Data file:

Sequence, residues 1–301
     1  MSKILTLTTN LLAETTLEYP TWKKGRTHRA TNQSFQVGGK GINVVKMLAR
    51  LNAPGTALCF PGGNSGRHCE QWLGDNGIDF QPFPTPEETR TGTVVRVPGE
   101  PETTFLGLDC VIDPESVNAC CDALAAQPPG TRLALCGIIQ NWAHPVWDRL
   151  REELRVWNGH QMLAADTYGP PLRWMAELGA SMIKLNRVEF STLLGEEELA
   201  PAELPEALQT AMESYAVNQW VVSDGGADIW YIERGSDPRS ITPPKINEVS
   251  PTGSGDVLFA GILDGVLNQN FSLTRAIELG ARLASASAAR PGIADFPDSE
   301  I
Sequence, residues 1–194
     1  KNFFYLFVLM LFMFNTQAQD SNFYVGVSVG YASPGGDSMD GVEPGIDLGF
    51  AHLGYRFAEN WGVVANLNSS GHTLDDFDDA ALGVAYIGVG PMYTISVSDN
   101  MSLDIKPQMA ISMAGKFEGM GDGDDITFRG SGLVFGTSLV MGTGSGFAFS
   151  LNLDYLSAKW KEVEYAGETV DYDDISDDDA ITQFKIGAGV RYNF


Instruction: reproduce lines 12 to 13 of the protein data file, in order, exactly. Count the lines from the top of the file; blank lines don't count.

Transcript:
   101  MSLDIKPQMA ISMAGKFEGM GDGDDITFRG SGLVFGTSLV MGTGSGFAFS
   151  LNLDYLSAKW KEVEYAGETV DYDDISDDDA ITQFKIGAGV RYNF